The Role Of Mental Health Nurse In Supporting Clients With Self Harm And Suicidal Ideas On An Acute Ward In-Patient Wards

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The Role of Mental Health Nurse in Supporting Clients with Self Harm and Suicidal Ideas on an Acute Ward In-Patient Wards




2.1 Introduction1

2.2 Background of the Search2

2.3 Facts and Figures of Mental health-United Kingdom3

2.4 Concept of Self Harm and Suicidal Ideation4

2.5 Causes of Self-Harm and Suicidal Ideation5

2.6 Self-Harm and Suicide: Separate or Connected8

2.7 Self-Harm-Suicide Variant9

2.8 Deliberate Self-Harm10

2.9 Policy, Ethical and Legal Issues Relating To Care People Who Self Harm13

2.10 Implications for Mental Health Practice15

2.10.1 Mandatory Ethics16

2.10.2 Best Practice Ethics16

2.10.3 Issues Related to Ethics16

2.10.4 Multicultural Issues Related To Ethics17

2.11 Role of the Mental Health Nurse in Caring For Individuals Who Self-Harm17

2.11.1 Mindfulness20

2.11.2 Interpersonal effectiveness20

2.11.3 Emotional regulation20

2.11.4 Distress tolerance21



2.1 Introduction

Every year, one in 600 people deliberately injure themselves sufficiently to require hospital treatment (Tantam & Whittaker, 1992). Self-harming behaviour is a widespread problem. It is hard to estimate the true prevalence of self-harming behaviour, however, because it is widely under-reported and many self-inflicted injuries, even serious ones that are brought to medical attention, are passed off as accidental. What is clear is that reported self-harming behaviour appears to be on the increase, especially in young men aged 18 to 25 (Hawton, et al, 1997) and in adolescents. In a survey of schools, 13% of adolescents aged 15 or 16 reported having self-harmed at some time in their lives, 7% having done so in the previous year (Hawton et al, 2002).

The UK has one of the highest incidences of self injury in Europe, especially in schoolchildren and younger adults (Hawton et al, 2002). The Office for National Statistics' household survey of psychiatric morbidity among adults in Great Britain in 2000 found that 2% of men and 3% of women interviewed admitted to self-harm without suicidal intent; by age-group, the reported incidence decreased from 5% in young people to 0.2% of those aged 65-74 (Meltzer et al, 2002). Compared with individuals who present to general hospitals with self-poisoning, those who present with self-cutting are more likely to be single, unemployed males with a previous history of self harm, living alone, misusing alcohol and to have low suicidal intent (Hawton et al, 2004). Among young adults, significantly more males than females use self-injury to kill themselves (Van Heeringen & De Volder, 2002).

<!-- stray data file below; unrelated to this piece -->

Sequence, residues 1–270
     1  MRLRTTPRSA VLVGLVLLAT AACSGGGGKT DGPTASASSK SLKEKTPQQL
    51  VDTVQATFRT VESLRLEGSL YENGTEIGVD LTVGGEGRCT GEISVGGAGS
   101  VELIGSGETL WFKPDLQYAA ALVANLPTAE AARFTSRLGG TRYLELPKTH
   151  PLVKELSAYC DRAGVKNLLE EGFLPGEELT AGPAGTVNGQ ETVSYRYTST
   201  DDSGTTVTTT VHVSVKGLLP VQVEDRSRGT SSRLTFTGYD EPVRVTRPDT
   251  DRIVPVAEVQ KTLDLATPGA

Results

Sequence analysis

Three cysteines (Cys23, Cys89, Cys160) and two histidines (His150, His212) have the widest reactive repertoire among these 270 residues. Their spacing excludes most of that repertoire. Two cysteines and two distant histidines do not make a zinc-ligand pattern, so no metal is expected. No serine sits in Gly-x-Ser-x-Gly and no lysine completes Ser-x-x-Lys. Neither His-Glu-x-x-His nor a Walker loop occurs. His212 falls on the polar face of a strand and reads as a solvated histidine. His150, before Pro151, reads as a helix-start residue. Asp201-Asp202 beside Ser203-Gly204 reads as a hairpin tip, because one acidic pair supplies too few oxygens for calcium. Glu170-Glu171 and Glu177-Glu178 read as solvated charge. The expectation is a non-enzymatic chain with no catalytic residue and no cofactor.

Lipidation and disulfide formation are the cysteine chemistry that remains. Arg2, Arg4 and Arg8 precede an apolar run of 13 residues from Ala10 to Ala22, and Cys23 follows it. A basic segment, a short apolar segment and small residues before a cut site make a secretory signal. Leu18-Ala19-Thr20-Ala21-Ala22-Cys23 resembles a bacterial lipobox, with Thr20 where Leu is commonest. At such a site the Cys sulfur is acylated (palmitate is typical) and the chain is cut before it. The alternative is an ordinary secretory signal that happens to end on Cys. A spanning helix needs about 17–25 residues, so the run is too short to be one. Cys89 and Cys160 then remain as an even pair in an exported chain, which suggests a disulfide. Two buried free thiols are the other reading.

Individuals with personality disorders with or without an Axis I diagnosis are over represented among people who harm themselves. Personality disorders have been highly correlated with self-injurious behaviour in a number of studies (Horrocks et al, 2003) and repeated self-injury is one of the operational criteria for borderline personality disorder in DSM-IV (American Psychiatric Association, 1994). It is said of these patients that their stories are 'written on their bodies' (Barker & Buchanan-Barker, 2004).

2.2 Background of the Search

The suicide and suicide attempts are the most significant public health problem. The increase suicide rates are remarkably uneasy, because it reflects the suffering and distress of a large number of people and in society. Although 'in recent years, suicide rates are more stable and appear to decline to some ...
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